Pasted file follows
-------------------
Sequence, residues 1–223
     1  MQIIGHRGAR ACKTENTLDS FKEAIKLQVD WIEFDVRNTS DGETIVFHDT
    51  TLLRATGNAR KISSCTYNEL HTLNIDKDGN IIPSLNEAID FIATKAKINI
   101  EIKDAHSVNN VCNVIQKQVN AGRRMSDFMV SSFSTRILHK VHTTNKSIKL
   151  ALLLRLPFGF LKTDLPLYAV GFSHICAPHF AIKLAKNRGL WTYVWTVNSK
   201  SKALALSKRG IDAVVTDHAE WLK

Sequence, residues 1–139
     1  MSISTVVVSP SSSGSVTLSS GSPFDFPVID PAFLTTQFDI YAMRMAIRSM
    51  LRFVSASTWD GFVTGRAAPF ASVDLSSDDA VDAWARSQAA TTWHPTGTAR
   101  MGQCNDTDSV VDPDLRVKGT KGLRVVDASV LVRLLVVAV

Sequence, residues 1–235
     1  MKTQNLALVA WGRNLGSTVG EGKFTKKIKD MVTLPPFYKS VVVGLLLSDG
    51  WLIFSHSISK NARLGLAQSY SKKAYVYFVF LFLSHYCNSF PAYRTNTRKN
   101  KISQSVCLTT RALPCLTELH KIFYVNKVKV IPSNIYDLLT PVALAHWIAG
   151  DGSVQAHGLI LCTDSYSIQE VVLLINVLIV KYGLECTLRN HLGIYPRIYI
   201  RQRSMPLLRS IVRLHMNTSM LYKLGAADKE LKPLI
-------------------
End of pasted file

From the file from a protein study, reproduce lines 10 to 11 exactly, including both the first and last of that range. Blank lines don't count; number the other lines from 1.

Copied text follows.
   101  MGQCNDTDSV VDPDLRVKGT KGLRVVDASV LVRLLVVAV

Sequence, residues 1–235